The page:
Wendy Laybourn and Devon Goss
Diversity in Black Greek-Letter Organizations
Breaking the Line
New Books in African American StudiesNew Books in American StudiesNew Books in AnthropologyNew Books in EducationNew Books in Peoples & PlacesNew Books in Politics & SocietyNew Books in SociologyNew Books Network August 1, 2018 Felipe G. Santos
Black Greek-Letter organizations (BGLOs) appeared as an initiative from black college students to provide support, opportunities and service, as well as a free space for the black community. Despite most BGLO members are black, there are some non-black students who decide to join these organizations. In their new book Diversity in Black Greek-Letter Organizations: Breaking the Line (Routledge, 2018), Wendy M. Laybourn and Devon R. Goss explore the motivations for membership as well as the impact that these experiences had for non-black BGLO members. Membership to BGLOs provides non-black members with the opportunity to reinterpret their own racial identities. Diversity in Black Greek-Letter Organizations provides a good opportunity to explore the opportunities and challenges of cross-racial interactions within civil society organizations.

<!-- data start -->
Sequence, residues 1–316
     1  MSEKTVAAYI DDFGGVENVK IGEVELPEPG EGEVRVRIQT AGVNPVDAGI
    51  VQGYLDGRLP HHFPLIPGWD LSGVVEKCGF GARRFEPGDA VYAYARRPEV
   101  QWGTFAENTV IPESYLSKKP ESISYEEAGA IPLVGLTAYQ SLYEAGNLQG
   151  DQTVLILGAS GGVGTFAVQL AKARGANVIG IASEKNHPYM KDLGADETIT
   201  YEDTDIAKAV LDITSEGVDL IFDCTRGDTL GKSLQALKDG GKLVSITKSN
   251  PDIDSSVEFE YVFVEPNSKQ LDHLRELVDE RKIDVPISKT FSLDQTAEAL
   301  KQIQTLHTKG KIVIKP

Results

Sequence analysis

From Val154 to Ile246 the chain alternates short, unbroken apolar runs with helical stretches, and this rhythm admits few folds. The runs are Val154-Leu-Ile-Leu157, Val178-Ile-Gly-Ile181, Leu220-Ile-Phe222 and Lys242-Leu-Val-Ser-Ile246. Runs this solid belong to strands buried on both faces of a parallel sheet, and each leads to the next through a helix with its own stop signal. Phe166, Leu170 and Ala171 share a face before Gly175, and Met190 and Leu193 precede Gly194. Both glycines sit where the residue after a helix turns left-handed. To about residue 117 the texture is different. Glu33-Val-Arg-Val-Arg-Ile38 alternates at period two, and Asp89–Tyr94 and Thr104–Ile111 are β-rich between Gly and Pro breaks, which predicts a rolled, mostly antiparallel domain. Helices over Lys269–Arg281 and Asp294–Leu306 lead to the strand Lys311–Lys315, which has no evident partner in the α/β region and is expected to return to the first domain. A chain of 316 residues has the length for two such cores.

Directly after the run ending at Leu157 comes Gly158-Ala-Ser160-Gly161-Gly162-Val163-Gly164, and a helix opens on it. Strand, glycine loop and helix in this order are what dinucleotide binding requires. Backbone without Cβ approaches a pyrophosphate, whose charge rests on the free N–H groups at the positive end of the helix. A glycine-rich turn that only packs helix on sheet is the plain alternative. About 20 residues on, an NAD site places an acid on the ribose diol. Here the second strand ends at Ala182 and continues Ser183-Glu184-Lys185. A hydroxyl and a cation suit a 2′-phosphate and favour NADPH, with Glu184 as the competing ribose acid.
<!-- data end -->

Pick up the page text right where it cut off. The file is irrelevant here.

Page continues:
Felipe G. Santos is a PhD candidate at the Central European University. His research is focused on how activists care for each other and how care practices within social movements mobilize and radicalize heavily aggrieved collectives.